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Sunday, 18 September 2011

Aspirin

Hippocrates was the first to realize the healing power of bark of the willow tree. His ancient Greek treatment was a tea made from willow bark, and was effective against fevers and gout.

Eventually it was discovered that it was the compound salicylic acid, which occurs naturally in willow bark that caused the pain relief. Unfortunately it is bitter tasting and can cause vomiting.

By mixing acetylating salicylic acid with acetic acid, German Bayer AG chemist Felix Hoffman concocted a less acidic formula to ease his father’s arthritis on August 10, 1897. The new drug, formally acetylsalicylic acid, was named Aspirin by Bayer AG and trademarked on March 6, 1899.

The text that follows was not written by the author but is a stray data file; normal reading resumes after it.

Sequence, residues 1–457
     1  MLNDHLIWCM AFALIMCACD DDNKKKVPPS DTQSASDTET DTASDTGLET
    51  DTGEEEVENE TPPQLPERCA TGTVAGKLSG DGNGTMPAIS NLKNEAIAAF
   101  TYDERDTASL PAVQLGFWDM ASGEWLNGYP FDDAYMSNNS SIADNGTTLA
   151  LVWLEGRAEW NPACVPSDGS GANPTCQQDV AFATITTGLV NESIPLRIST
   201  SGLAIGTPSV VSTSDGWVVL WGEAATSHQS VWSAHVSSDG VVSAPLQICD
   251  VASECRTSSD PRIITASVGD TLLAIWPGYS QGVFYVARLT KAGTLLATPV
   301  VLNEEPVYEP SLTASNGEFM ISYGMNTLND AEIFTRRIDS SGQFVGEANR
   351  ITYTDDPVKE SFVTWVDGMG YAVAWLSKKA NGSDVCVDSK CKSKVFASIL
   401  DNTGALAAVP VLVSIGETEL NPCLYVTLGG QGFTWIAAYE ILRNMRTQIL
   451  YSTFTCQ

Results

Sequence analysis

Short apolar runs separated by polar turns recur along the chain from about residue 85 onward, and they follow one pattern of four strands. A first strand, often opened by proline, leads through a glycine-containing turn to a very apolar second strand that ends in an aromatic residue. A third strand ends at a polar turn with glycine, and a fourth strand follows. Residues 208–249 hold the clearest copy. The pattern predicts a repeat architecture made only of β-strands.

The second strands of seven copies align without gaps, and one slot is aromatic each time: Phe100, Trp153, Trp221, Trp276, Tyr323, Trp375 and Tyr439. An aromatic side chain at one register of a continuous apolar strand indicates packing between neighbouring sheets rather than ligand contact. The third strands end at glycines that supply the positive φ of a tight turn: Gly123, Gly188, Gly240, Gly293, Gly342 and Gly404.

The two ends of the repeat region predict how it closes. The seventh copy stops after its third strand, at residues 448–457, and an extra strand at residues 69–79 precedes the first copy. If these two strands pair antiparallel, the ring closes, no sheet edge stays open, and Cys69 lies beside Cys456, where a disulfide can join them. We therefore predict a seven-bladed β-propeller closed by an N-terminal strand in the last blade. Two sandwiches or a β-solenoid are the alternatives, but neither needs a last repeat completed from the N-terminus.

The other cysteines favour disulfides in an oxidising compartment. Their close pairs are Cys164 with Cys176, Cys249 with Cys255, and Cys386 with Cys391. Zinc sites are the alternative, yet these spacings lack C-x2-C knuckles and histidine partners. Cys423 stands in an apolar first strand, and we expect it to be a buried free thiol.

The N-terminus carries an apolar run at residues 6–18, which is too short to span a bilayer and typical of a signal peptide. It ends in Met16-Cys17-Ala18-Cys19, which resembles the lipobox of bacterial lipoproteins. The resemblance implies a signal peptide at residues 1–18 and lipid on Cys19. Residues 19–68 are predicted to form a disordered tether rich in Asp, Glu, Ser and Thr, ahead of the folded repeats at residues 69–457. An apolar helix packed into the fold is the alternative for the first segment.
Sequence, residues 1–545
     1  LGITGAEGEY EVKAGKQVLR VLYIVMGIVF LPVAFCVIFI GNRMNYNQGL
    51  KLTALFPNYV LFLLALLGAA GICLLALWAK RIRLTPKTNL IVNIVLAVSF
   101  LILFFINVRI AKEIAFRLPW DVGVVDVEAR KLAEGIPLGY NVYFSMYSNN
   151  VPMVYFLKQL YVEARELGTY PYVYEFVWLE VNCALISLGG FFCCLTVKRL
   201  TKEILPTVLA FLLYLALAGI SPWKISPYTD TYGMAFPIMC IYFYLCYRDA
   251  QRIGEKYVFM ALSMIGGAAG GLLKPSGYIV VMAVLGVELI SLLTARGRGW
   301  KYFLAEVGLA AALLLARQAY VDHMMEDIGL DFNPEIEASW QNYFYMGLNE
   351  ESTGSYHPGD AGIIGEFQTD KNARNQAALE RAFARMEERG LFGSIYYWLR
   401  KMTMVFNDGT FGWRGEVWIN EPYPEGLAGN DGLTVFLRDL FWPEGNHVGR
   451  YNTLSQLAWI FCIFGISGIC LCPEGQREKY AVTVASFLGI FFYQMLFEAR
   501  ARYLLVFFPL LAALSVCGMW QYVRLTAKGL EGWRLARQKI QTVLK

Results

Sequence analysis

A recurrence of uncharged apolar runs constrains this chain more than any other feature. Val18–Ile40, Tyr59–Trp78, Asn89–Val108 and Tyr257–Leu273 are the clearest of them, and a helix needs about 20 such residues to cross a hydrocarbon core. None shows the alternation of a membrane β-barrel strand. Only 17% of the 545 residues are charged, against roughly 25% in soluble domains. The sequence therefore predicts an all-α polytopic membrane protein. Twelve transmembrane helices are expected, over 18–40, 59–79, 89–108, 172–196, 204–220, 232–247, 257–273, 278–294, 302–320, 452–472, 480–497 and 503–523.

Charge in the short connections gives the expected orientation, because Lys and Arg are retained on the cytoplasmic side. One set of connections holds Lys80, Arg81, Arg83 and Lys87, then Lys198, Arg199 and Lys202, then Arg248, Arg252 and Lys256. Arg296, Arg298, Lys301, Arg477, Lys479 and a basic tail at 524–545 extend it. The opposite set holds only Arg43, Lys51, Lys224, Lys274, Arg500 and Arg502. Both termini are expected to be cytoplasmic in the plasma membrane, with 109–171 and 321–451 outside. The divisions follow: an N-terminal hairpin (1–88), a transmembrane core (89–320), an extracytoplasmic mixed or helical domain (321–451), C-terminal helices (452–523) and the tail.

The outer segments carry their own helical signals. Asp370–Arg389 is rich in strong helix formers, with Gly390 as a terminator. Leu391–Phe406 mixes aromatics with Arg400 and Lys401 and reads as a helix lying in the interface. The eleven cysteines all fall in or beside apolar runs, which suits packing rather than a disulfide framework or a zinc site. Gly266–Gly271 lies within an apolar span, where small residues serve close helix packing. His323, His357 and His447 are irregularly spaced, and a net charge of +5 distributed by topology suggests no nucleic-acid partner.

The "A" in the name Aspirin was derived from derived from acetyl chloride - Acetylspirsäure in German. The "spir" comes from Spirsäure, an old German name for salicylic acid derived from the Latin Spiraea ulmaria. Bayer AG added "-in" as a typical drug name ending to make it easy to say.

Aspirin was the first drug sold in water-soluble tablets.


Within ten years Aspirin was ranked among the ten items most prescribed by American physicians. It came to symbolise modern medicine's feats in restoring a patient’s health.

Americans consume 42 tons of aspirin per day.

The weight of air in a milk glass is about the same as the weight of one aspirin tablet.

Source Greatfacts.com http://www.greatfacts.com/

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